The discovery of the prokaryotic immune system CRISPR-Cas was one of the most exciting breakthroughs in biology in the last twenty years. Initially identified as defence mechanism, we now know that defence is just one of many functions of this molecular machine. Thus, the prevailing view of CRISPR-Cas as a defence system is too narrow. Other important cellular processes are carried out by the CRISPR-Cas system, such as virulence regulation, DNA repair and the regulation of group behaviour, to name only a few. In some cases, CRISPR-Cas systems may even have completely lost their immune-related functions. At this time, we have barely begun to understand the full biological potential of this system. Thus far, the new CRISPR-Cas functions have primarily been discovered fortuitously and systematic approaches to detect roles beyond immunity are lacking. The two major goals of this concerted Priority Programme are: (i) the identification and investigation of new CRISPR-Cas functions beyond viral defence using model representatives of archaea and bacteria; (ii) the elucidation of the molecular mechanisms underlying these novel functions using state-of-the-art methods. The cooperation of researchers from different disciplines, such as microbiology, genetics, medical microbiology, biochemistry, biophysics, bioinformatics, ecology, structural biology, molecular dynamics, single-molecule localisation microscopy and single-molecule biochemistry, will provide the framework for a successful Priority Programme.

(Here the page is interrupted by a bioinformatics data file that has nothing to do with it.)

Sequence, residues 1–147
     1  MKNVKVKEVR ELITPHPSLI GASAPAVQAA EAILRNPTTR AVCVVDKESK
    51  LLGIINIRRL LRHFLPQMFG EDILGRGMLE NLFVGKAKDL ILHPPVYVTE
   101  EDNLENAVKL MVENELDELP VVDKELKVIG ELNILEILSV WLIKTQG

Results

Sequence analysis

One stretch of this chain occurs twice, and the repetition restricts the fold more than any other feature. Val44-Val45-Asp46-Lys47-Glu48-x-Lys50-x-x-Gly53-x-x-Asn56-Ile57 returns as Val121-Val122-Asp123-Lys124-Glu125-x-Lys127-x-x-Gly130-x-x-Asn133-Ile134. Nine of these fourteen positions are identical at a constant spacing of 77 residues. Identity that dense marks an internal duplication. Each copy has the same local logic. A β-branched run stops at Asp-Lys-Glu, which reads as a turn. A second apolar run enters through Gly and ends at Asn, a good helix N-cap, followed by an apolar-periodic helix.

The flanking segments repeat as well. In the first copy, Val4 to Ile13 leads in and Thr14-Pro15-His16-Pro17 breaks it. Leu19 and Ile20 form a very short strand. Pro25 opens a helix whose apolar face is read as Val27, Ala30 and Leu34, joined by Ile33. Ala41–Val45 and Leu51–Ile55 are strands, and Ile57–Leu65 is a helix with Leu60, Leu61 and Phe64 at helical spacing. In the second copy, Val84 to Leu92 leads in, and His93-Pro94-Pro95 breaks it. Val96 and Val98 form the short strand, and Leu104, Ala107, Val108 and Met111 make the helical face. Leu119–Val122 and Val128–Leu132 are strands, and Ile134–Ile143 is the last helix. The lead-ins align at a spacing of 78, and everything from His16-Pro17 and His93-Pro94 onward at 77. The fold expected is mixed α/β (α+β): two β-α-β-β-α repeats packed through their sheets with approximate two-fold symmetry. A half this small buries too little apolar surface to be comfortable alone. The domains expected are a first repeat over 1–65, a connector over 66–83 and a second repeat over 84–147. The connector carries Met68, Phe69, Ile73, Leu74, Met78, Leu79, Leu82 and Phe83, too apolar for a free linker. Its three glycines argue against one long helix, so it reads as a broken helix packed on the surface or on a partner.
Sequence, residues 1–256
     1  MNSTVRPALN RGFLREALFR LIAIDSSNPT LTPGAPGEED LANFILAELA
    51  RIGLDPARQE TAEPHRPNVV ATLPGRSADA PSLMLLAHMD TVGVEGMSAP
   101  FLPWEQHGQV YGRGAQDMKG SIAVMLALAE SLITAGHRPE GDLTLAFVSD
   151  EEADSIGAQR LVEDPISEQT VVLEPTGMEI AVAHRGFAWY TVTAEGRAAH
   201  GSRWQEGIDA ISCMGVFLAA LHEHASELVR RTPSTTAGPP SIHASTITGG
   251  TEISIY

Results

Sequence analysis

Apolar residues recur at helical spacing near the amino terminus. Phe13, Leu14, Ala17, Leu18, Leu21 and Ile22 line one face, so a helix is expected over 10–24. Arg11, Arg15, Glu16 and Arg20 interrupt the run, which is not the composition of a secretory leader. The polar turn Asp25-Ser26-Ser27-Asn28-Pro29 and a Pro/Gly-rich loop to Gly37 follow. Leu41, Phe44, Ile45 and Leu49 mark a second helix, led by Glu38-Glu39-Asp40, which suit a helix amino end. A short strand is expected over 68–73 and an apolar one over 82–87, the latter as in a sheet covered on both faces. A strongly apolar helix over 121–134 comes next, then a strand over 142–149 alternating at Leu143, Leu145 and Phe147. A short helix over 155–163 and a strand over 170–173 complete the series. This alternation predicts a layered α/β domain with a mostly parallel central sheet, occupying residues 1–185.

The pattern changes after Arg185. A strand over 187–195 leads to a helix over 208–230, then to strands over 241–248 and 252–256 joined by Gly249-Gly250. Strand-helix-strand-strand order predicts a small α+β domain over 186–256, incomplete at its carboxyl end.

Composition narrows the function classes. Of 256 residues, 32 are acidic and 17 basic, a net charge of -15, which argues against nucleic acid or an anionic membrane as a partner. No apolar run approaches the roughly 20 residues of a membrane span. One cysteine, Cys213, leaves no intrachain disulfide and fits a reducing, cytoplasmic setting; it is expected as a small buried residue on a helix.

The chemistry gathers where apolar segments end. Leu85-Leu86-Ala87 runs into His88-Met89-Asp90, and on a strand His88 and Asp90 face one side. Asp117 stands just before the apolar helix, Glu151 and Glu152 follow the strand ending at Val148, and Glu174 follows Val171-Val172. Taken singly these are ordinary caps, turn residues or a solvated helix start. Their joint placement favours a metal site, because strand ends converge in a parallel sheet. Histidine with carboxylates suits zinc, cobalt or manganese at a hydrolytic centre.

Period of funding: 01.11.2018 - 31.10.2021
Speaker: Anita Marchfelder, Ulm University